Enlarge / This Nilometer at Cairo is an ancient device that Egyptians used to measure Nile flooding, to predict the harvest and set tax levels.
Scientists used historical data from Nileometers to see how volcanic eruptions affected Nile floods (and by extension, the health of the harvest). (credit: Berthold Werner / Wikimedia Commons)
From 305-30 BCE, ancient Egypt was ruled by the Ptolemaic Dynasty, a Greek family put in place after Alexander the Great conquered Egypt.

Though Egypt’s wealth and importance were legendary during this time, it was also a period of great civil unrest. Perhaps because they were being ruled by foreigners, the Egyptian people revolted against their leadership several times during the 200s, sparking civil wars.

But now scientists believe these revolts may have broken out in part because of a chain reaction started by volcanoes halfway across the world.
There’s no doubt that the Egyptians were chafing under the yoke of their foreign monarchs.

The days of the great pharaohs were over, and leaders from the north were replacing Egyptian culture with Greek gods and architecture.

But why did the Egyptians’ resentment boil over into open revolt sometimes and remain at a steady simmer otherwise? Historian Francis Ludlow of Trinity College, Ireland, and his colleagues believe that ash, dust, and other particles released by volcanoes during the 200s BCE caused temperatures to cool around the globe.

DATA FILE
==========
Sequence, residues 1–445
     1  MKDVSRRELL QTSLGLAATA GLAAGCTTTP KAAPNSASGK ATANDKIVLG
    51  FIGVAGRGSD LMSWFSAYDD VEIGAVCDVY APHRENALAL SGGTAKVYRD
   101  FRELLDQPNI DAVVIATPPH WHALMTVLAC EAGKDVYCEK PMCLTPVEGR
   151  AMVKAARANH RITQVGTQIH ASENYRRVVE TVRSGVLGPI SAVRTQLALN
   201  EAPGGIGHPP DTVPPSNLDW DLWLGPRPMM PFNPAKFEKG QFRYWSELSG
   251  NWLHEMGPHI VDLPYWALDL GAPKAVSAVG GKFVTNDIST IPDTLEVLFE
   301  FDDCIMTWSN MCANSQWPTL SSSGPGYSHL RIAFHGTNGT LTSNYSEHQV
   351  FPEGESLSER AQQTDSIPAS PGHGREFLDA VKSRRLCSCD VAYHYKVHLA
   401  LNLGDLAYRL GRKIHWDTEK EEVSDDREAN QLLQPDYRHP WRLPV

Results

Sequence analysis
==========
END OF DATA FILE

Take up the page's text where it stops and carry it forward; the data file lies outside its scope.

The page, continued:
Cooling resulted in less water evaporation, which meant less rain for northern Africa and, therefore, less flooding of the life-giving Nile River.
Because the ancient Egyptians were a farming culture that lived and died by the harvest, the annual Nile flood was key to survival.

Floods meant nutrient-rich waters fed the fields and everyone could eat. Nile levels were so important to the Egyptian economy that the government based tax amounts on readings from “Nilometers,” stone wells fed by the river where they could measure its height in cubits.
If the levels were trending too high (destructive flooding) or too low (drought), taxes were scaled back to account for people’s diminished fortunes.
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